Listen, do you hear it? The proverbial pin drop that always describes ‘absolute quiet’?
Close your eyes and sniff! Do you smell it, the familiar scent of a room full of books?
It’s the library!
The branch library on Main Street had a special attraction for me, in my hometown of Worcester. If I close my eyes and conjure up that time in my life, I can easily picture it. And, yes, smell it, too!
From the large storefront windows that displayed books, to the sprawling checkout counter, I can see myself there now, kneeling on the carpeted floor, head angled forty-five degrees to the right, reading book spines in the hunt for exciting titles, in the ‘young readers’ section.
The bespectacled librarian, with her laser-like stare that could burn a hole right through you, and a well developed ‘Shhhhhhhh’ that blew through the room like a nor’easter, kept the library orderly and mum. She’s gone, of course, and I doubt the library is still there, more likely a nail salon now, with last year’s magazines. They’re everywhere, salons that is.
The Battle of Britain, Custer’s Last Stand, Ghengis Kahn and The Mongol Horde, as well as other Landmark titles were among my favorite books. I’d walk home with more than I could read in the allotted check-out time. Nevertheless, it was easy to pick one, settle down and get lost in adventure after adventure. Books can do that.
Sure, I have a Kindle and other electronic devices to download stories. And, yes, I can get books on tape, but there’s something special about patronizing a library. You’re among other readers for some quiet socializing, you’re moving for exercise and looking so sophisticated when walking about with your L.L.Bean ‘save the earth’ recyclable tote.
Of course, as a preteen, the library was a place to rendezvous with that ‘special love of your life’ where it was actually okay to say sweet nothings to each other, as long as they were whispered. You got to practice being a gentleman by carrying your love’s books home.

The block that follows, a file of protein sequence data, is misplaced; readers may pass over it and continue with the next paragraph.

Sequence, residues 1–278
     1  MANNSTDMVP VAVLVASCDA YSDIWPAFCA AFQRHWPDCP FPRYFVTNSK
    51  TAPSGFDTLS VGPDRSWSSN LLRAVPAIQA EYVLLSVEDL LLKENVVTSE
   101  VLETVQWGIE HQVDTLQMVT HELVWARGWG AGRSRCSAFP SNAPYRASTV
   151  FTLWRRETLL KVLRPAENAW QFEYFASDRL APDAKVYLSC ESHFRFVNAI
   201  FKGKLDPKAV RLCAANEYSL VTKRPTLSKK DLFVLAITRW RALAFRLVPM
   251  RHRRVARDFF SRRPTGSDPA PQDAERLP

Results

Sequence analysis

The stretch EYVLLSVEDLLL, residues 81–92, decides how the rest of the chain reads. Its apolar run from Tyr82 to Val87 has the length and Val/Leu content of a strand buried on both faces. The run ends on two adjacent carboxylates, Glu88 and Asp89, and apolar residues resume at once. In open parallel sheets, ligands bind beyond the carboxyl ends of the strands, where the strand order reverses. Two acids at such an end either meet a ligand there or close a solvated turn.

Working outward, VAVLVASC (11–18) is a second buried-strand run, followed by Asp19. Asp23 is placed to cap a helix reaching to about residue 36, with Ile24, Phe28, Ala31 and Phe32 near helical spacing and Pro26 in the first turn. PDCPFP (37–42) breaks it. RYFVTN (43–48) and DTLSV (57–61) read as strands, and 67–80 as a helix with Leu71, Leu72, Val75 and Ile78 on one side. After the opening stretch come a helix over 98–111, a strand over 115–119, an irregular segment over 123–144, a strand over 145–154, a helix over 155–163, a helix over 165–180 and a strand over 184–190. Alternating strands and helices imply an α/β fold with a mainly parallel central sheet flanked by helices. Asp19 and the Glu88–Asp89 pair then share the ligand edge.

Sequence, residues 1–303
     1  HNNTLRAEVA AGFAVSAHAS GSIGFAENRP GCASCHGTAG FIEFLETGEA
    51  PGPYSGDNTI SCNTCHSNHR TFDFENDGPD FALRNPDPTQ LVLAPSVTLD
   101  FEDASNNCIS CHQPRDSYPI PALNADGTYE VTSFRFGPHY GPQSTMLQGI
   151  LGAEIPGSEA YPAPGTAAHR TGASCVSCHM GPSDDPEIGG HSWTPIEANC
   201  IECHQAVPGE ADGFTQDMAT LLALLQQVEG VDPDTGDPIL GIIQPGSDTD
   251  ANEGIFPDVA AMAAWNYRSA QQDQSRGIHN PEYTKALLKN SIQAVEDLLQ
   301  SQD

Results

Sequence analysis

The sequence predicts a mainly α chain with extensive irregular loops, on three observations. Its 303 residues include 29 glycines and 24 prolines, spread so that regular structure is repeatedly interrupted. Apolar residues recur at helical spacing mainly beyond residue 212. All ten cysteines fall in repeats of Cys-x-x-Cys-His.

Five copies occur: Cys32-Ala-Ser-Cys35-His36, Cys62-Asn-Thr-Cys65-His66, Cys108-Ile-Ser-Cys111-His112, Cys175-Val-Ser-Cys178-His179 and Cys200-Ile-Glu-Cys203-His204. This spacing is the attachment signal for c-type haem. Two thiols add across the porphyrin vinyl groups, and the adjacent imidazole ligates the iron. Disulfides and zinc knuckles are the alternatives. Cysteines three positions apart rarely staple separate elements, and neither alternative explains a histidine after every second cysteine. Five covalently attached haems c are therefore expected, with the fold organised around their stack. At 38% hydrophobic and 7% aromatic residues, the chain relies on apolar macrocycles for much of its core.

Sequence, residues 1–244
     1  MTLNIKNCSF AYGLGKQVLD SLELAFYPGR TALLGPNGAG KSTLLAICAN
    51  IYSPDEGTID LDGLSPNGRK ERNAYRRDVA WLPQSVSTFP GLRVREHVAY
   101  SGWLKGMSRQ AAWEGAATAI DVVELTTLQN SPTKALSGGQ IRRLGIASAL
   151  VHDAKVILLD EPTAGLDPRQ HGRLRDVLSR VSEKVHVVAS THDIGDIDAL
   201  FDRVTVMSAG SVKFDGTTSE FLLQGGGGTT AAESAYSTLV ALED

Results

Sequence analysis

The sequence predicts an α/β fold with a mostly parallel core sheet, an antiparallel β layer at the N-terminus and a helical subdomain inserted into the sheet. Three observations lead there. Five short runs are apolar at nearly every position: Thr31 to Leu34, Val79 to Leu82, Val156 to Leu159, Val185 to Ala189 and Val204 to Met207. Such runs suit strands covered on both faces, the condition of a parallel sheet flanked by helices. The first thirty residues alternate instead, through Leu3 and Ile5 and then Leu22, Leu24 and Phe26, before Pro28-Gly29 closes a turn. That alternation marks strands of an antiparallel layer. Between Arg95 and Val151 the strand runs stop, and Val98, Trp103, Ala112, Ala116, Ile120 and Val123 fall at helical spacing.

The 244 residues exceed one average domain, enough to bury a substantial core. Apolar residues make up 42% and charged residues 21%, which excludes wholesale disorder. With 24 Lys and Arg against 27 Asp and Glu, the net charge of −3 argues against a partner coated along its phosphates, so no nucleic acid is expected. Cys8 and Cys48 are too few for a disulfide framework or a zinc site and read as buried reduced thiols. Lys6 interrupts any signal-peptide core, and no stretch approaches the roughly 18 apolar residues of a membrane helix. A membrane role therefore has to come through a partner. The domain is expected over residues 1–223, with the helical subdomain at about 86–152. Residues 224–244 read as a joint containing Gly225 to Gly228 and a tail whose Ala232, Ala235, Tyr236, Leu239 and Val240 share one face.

Reading was such a pleasure at that age but changes were about to happen. I hit middle school, then high school and reading books became a requirement for book reports, sometimes orally. The stress caused by a ‘requirement’ put the brakes on reading for pleasure. Landmark became ‘badmarks’ because once reading was required, I lost interest.
Fortunately, as an adult, I recaptured the pleasure of reading. My favorite genre is historical fiction and biographies. My town has a beautiful public library of its own where they have a great selection to satisfy anyone’s reading taste.
Do you enjoy reading? What is your favorite material to read and is there a book that stands out as your most enjoyable ever?
Mark Twain is credited with the following:
A person who won’t read has no advantage over one who can’t read.’
My books are like trophies, they collect dust, but take me wherever I want to go and I proudly display them.
To Jennie and book lovers everywhere, and to Sheila and all librarians who have mastered the ‘Shhhhhh’…